Most Endangered Places: Lost but Not Forgotten

Colorado’s Most Endangered Places speaks to the immediacy and severity of threats facing historic sites across the state.  Landmark buildings and landscapes valued as part of the fabric that help define a community can, and do, disappear overnight.  While in some cases a last minute appeal can delay or prevent demolition, more often the heavy equipment rolls forward.  The Most Endangered Places Program was formed as an additional preservation tool to ignite interest, bring technical expertise, identify funding resources, and create partnerships between the important players.

Unfortunately, despite a communities best efforts, significant buildings are lost.  These six Most Endangered Places buildings were demolished, but their loss is not forgotten.  The lessons taught in their demise can serve as examples to other communities throughout Colorado to ensure their architectural heritage remains for future generations.

If you are interested in joining the fight for historic preservation consider nominating a building to the Endangered Places Program, becoming a member of Colorado Preservation, Inc, and visiting our Call for Volunteers page to learn the latest efforts across the state.


Christian Science Church (1998)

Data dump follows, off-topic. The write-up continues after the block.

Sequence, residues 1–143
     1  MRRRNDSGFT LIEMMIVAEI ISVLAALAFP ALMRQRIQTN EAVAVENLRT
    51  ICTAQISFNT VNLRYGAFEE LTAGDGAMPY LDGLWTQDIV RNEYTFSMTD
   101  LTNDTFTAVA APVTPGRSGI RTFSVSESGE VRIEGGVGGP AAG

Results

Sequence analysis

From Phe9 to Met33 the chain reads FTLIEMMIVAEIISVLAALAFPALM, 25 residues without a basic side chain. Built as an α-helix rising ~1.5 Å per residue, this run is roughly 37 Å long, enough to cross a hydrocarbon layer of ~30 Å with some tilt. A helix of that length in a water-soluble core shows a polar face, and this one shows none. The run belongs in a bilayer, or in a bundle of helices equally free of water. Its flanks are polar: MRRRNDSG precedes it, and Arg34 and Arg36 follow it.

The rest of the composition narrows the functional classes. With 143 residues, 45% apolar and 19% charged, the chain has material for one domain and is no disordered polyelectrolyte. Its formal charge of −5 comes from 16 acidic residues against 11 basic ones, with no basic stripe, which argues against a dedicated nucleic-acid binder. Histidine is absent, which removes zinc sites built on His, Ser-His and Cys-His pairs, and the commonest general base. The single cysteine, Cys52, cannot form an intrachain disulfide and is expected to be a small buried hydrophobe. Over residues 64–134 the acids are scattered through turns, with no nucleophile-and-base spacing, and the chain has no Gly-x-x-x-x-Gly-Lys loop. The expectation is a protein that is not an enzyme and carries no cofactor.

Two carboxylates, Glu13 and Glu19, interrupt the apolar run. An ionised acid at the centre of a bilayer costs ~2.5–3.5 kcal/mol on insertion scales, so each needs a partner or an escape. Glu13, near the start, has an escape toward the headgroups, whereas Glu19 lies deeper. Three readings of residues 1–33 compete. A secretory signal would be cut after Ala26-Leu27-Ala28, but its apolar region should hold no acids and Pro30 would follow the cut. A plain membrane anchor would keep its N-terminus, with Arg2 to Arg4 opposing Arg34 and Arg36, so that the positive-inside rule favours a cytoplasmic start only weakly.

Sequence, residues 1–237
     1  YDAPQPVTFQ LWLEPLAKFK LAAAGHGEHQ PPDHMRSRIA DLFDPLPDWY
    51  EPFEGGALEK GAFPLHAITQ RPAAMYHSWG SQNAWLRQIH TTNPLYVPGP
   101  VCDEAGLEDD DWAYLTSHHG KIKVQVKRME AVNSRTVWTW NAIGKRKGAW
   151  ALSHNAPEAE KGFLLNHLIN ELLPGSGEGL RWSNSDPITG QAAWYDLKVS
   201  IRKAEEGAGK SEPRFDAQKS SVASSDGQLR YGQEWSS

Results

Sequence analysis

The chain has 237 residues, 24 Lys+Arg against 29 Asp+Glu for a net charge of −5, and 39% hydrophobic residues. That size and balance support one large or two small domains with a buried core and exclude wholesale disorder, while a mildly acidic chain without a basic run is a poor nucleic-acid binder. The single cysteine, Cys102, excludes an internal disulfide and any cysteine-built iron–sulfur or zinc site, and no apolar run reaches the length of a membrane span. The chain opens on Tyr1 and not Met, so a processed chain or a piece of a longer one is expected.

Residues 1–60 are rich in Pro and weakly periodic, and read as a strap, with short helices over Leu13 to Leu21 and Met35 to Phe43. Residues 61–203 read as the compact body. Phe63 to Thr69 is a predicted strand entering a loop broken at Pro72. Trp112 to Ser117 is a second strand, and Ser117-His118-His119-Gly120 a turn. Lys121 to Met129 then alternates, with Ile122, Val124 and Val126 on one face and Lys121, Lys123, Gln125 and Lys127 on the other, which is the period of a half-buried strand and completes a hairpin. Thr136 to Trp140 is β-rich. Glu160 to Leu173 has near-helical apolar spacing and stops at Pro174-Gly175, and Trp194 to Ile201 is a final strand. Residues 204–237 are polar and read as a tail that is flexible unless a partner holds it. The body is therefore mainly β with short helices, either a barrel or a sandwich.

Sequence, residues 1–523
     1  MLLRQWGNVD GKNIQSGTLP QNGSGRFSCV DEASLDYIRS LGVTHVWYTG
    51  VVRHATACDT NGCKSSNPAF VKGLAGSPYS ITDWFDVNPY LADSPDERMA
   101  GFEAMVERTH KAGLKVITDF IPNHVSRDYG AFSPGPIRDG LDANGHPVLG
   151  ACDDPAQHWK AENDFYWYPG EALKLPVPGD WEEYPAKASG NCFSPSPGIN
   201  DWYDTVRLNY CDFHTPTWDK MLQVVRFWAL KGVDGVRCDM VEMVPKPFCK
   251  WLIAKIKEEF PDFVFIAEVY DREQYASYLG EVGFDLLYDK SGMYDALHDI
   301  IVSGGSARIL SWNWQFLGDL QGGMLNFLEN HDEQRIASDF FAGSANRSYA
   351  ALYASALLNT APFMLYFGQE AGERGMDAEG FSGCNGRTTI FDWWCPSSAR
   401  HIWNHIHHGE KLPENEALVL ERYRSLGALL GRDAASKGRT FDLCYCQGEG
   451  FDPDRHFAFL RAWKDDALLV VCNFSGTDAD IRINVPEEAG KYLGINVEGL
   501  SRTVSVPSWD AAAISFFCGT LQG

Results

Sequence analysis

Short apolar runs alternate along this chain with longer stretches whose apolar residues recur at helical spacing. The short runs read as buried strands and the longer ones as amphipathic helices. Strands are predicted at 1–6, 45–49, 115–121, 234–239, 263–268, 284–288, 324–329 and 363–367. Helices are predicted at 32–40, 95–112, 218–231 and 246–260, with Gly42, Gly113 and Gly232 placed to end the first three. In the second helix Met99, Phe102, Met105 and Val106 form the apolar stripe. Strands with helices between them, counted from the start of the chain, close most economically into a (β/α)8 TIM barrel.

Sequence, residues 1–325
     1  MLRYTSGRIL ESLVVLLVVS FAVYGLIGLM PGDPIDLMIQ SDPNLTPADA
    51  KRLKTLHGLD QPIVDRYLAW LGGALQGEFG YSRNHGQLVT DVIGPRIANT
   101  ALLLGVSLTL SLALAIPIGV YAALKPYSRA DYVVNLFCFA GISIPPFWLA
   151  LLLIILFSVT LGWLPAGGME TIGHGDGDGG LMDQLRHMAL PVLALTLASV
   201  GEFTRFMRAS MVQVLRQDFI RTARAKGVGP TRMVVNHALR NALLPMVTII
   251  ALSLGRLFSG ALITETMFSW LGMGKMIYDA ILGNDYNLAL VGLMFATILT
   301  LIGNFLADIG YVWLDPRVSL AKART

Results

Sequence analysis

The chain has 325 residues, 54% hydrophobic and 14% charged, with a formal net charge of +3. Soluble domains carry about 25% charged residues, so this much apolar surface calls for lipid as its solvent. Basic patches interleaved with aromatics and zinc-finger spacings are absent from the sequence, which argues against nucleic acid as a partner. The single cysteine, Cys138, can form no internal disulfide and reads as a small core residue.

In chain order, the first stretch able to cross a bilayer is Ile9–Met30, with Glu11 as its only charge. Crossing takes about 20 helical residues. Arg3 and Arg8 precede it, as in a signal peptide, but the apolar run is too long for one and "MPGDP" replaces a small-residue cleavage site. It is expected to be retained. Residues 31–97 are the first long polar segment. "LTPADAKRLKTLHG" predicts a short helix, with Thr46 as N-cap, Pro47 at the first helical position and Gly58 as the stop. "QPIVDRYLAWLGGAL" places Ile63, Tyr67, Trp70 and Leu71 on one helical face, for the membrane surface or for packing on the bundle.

Elementary (2004)

Currigan given-institute

Currigan Exhibition Hall (2000)

Given Institute (2011)


Great Western Sugar Factory (2016)

Kit Carson Hotel (2003)


Willowcroft Manor & Farm (2010)



Donate to CPI

We hope you will extend your appreciation for Colorado's past into an investment in its future by making a tax-deductible gift today.

Featured Project

Preservation for a Changing Colorado

The 2017 update, Preservation for a Changing Colorado, resulted from a partnership between Colorado Preservation and History Colorado and Colorado Preservation, Inc. Prepared by Clarion Associates, the new report and accompanying website document the economic benefits of rehabilitation projects, analyzes property values and neighborhood stability in local historic districts, and summarizes the increasing impact of heritage tourism, private preservation development and the success of Colorado’s Main Street program. In a key finding, researchers found that for every $1 million spent on historic preservation in Colorado leads to $1.03 million in additional spending, 14 new jobs, and $636,700 in increased household incomes across the state! The 2017 report also considers the important role preservation plays in helping Coloradans provide new spaces for creative communities and co-working, create and sustain meaningful places, respond to the state’s changing demographics, and address climate concerns. Click Here to see the full report, "Preservation for a Changing Colorado".

Join our Email List